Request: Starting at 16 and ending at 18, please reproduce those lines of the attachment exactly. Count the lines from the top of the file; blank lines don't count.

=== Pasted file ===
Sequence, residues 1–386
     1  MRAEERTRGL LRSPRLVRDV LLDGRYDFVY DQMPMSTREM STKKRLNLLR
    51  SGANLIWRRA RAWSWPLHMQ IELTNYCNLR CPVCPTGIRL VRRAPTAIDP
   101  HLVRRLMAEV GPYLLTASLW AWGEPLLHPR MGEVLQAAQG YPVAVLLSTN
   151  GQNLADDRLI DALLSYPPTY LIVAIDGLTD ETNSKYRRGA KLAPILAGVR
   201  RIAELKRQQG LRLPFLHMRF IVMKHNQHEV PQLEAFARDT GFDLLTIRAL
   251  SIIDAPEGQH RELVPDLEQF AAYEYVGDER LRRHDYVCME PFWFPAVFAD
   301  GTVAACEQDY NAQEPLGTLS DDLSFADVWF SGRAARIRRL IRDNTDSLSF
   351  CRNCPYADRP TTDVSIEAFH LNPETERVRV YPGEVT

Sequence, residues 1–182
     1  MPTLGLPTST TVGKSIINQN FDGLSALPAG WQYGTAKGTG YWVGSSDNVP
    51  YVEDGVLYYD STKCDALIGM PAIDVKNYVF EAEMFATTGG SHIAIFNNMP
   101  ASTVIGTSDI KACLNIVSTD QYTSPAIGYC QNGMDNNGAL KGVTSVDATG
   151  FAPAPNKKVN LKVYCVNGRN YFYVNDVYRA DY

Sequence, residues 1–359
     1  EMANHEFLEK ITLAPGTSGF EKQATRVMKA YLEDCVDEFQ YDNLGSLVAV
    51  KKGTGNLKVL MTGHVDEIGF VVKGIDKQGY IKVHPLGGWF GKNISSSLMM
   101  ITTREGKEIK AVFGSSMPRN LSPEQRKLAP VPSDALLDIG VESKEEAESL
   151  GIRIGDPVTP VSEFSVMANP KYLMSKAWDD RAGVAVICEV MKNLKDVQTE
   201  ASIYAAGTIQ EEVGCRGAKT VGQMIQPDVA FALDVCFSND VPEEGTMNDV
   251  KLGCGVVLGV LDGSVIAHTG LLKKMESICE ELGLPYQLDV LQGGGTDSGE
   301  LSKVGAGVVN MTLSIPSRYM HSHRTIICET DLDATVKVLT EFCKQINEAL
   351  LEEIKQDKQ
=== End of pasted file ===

     1  EMANHEFLEK ITLAPGTSGF EKQATRVMKA YLEDCVDEFQ YDNLGSLVAV
    51  KKGTGNLKVL MTGHVDEIGF VVKGIDKQGY IKVHPLGGWF GKNISSSLMM
   101  ITTREGKEIK AVFGSSMPRN LSPEQRKLAP VPSDALLDIG VESKEEAESL